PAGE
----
Guiding and Small Group Discussion Questions for Early Warning Systems Summit

Guiding and Small Group Discussion Questions for Early Warning Systems Summit

Early Warning Systems (EWS)
Early Adopters learning & Sharing Summit
November 5-6, 2013
George W. Bush Presidential Center

2943 SMU Boulevard

Dallas, Texas

Guiding and Small Group Discussion Questions for Early Warning Systems Summit

Session 1:Enhancing and Advancing Early Warning Indicators– Tuesday Afternoon

Overall Guiding Question:

How can we make early warning or predictive indicators of student success moreuseful to practitioners and more impactful on student progress?

Small Group Discussion Questions:

Early warning indicators or predictive indicators of student progress have the potential to improve core educational outcomes–school readiness at all levels,academic and social/emotional proficiency,high school graduation, preparation for adult success in college and career –in at least threeways at multiple levels, including state, district, school, classroom, and individual.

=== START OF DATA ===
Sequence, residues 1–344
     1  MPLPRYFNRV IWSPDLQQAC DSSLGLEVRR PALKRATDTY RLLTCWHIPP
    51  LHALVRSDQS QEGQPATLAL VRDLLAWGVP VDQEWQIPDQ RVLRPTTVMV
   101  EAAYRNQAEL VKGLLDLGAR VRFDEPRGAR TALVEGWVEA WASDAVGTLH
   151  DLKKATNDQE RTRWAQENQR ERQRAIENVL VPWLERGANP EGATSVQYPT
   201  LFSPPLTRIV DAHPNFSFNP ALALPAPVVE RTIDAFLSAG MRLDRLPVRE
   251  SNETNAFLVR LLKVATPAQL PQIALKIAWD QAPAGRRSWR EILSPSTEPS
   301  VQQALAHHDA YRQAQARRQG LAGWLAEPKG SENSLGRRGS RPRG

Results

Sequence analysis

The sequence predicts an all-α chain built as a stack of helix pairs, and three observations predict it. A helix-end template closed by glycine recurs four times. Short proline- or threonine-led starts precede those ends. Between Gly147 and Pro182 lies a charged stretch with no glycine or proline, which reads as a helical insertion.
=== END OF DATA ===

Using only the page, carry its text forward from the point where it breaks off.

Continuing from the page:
• First, they can identify the positive and negative factors exhibited by students who do and who don’t currently succeed.
  • Second, they can help shape prevention activities – what we need to do to – individuals, groups of students and grade- or school-wide -- for whom, when, and where – to keep all students on track to reaching core educational outcomes.
  • Third, they can help get the right intervention to the right students at the right time at the scale and intensity required to help students who are signaling that without effective intervention their odds of succeeding are low.

To achieve these ends, educational practitioners need to become strong diagnosticians. Good diagnoses in turn are dependent on good and actionable data.

Based on your experience with, and knowledge of, early warning indicators, discuss the following questions with your tablemates:

  • What more do we need to know about our students to help them succeed? What additional data, if any, beyond the core indicators of attendance, behavior, and course passing/credit accrual/academic performance, help with: